DMAIC Tools and Techniques: The Define Phase
If you’re familiar with Lean Six Sigma, then you’re familiar with DMAIC.
DMAIC is the acronym for Define, Measure, Analyze, Improve and Control. This proven problem-solving strategy provides a structured 5-phase framework to follow when working on an improvement project.
This is the first post in a five-part series that focuses on the tools available in Minitab Statistical Software that are most applicable to each phase, beginning with Define.
The DEFINE Phase Defined
DMAIC begins once you have identified a problem to solve. The goal of this first phase is to define the project goals and customer deliverables. This includes developing a problem statement and identifying objectives, resources and project milestones.
Also known as a fishbone (because it resembles a fish skeleton) or Ishikawa (named after its creator Kaoru Ishikawa) diagram, this graphical brainstorming tool can help you and your team organize and investigate possible causes of a problem.
In a C&E diagram, the problem is identified on the far right, while the causes are arranged into major categories. For manufacturing applications, categories may include Personnel, Machines, Materials, Methods, Measurements, and Environment. Service applications often include Personnel, Procedures, and Policies.
Minitab location: Stat > Quality Tools > Cause-and-Effect
A Pareto chart is a basic quality tool used to highlight the most frequently occurring defects, or the most common causes for a defect.
This specialized type of bar chart is named for Vilfredo Pareto and his 80-20 rule. By ordering the bars from largest to smallest, a Pareto chart can help you separate the "vital few" from the "trivial many." These charts reveal where the largest gains can be made.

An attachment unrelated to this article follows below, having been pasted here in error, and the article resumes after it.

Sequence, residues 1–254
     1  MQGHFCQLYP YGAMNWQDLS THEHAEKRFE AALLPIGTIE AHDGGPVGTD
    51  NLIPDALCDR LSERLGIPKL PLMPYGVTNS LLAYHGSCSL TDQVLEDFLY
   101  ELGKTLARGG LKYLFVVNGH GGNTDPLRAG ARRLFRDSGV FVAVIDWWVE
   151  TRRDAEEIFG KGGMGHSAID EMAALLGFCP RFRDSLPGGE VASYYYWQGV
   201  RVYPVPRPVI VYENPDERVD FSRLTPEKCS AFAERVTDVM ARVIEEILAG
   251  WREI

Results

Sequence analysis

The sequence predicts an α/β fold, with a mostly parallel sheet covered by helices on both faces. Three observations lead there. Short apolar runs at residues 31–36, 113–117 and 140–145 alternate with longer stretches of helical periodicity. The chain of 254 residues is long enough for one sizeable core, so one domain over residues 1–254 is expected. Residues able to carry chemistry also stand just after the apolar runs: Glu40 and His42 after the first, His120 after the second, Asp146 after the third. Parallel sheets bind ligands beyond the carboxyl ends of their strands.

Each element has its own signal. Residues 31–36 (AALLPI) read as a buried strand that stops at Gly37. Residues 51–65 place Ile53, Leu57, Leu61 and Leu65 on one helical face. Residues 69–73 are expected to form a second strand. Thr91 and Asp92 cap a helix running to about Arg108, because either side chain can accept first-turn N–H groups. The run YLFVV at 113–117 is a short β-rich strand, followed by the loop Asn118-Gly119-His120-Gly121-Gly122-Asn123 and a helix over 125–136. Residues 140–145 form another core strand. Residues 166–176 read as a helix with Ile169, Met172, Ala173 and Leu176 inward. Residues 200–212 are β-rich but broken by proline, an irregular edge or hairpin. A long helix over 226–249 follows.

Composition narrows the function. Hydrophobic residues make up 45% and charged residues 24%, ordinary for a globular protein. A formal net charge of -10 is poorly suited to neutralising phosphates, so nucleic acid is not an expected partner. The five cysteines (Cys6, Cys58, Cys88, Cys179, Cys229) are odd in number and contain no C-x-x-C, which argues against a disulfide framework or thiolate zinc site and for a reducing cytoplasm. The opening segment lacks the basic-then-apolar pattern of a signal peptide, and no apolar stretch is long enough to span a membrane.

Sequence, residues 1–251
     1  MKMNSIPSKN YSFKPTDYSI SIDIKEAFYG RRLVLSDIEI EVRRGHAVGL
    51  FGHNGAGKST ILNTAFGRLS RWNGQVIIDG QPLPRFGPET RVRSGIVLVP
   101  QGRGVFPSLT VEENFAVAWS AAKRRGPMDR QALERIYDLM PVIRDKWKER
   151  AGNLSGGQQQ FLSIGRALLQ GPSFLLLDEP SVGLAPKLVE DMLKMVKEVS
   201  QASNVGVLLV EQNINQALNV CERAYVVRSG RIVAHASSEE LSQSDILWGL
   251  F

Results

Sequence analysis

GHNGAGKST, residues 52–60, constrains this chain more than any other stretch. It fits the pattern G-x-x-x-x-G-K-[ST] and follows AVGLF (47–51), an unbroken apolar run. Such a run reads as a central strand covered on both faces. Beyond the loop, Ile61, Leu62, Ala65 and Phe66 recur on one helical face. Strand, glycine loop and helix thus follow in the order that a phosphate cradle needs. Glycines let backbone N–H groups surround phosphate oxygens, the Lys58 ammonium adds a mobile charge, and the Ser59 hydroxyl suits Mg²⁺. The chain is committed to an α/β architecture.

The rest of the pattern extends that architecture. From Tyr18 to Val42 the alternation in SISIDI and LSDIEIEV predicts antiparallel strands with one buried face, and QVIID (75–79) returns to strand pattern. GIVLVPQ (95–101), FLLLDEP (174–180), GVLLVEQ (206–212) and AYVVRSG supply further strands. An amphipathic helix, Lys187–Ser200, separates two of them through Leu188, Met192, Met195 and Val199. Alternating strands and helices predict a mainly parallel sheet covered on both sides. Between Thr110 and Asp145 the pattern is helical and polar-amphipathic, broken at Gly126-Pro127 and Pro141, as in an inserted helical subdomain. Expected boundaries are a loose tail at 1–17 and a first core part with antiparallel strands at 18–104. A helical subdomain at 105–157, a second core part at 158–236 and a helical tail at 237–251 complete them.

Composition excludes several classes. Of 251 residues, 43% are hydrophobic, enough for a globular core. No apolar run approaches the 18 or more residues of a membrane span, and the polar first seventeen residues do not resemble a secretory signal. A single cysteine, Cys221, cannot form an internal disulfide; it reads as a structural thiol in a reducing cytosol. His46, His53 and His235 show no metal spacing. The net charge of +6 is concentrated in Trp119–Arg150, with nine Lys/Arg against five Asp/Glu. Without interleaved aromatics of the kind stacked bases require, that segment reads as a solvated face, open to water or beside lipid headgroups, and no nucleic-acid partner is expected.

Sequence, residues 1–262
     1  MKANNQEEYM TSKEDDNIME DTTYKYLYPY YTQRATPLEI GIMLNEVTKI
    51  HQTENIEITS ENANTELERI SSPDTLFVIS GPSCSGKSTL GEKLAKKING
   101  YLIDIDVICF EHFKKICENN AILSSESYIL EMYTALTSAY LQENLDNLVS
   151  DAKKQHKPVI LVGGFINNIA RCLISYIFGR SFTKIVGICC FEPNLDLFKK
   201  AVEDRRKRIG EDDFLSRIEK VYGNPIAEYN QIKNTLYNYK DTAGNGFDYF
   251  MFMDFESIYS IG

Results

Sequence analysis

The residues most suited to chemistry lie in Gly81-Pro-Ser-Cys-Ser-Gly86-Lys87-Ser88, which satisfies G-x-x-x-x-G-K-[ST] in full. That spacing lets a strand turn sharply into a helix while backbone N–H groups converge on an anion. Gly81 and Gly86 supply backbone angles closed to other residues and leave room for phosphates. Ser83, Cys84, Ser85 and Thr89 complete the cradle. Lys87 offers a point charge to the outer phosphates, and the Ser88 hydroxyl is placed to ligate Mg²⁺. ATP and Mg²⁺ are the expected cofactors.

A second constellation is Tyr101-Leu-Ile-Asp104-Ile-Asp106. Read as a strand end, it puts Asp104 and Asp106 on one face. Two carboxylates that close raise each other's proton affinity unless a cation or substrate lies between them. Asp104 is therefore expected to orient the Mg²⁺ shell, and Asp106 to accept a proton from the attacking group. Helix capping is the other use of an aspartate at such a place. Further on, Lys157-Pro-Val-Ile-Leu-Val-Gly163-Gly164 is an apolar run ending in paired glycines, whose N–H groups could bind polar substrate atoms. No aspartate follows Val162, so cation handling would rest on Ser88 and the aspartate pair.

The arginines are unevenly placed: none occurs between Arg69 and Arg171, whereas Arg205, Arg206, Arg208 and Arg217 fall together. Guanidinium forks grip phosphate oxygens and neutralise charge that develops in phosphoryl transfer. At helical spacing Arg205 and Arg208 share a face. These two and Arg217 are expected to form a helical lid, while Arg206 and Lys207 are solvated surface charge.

Minitab location: Stat > Quality Tools > Pareto Chart
Also known as a box-and-whisker plot, the boxplot shows you how a numeric, continuous variable is distributed, including its shape and variability. You can create a single boxplot for a single data set, or you can create multiple boxplots to compare multiple data sets. Boxplots also help you identify outliers.
Minitab location: Graph > Boxplot
Like boxplots, histograms reveal the shape and spread of a data set, and can help you assess if your data follow a normal distribution, are left-skewed, right-skewed, unimodal, etc.
Histograms divide data into bins of a given range plotted along the horizontal x-axis, and display the number of data points within each bin on the vertical y-axis.
Minitab location: Graph > Histogram
Run charts graph your data over time, presuming it was collected and recorded in chronological order. This special type of time series plot can be used to determine if there are any patterns and non-random behavior in your process, such as trends, oscillation, mixtures and clustering.
Minitab location: Stat > Quality Tools > Run Chart
This is the first non-graphical tool in this post. This tool provides a summary of your data, and can include such statistics as the mean, median, mode, minimum, maximum, standard deviation, range, etc.
Minitab location: Stat > Basic Statistics > Display Descriptive Statistics
This Minitab feature provides a comprehensive summary for a numeric, continuous dataset, including a histogram, boxplots, descriptive statistics, and more. It offers a comprehensive snapshot of your data and includes tests for normality, the mean, and the median.
Minitab location: Stat > Basic Statistics > Graphical Summary
No Two Projects are Created Equal
While this post focuses on the Define tools available in Minitab, other Define tools—such as the project charter and SIPOC—are available in Quality Companion. Not every project includes the same exact set of tools, so it’s quite possible that a given Define phase for a given project includes only a few of the tools above. Moreover, not all tools discussed above are used solely within the Define phase of DMAIC. For example, histograms may also be used in other phases.
The tools you will use within each phase depend upon the type of project you’re working on, leadership preferences, and what types of tools best communicate your data and the problem you’re trying to solve.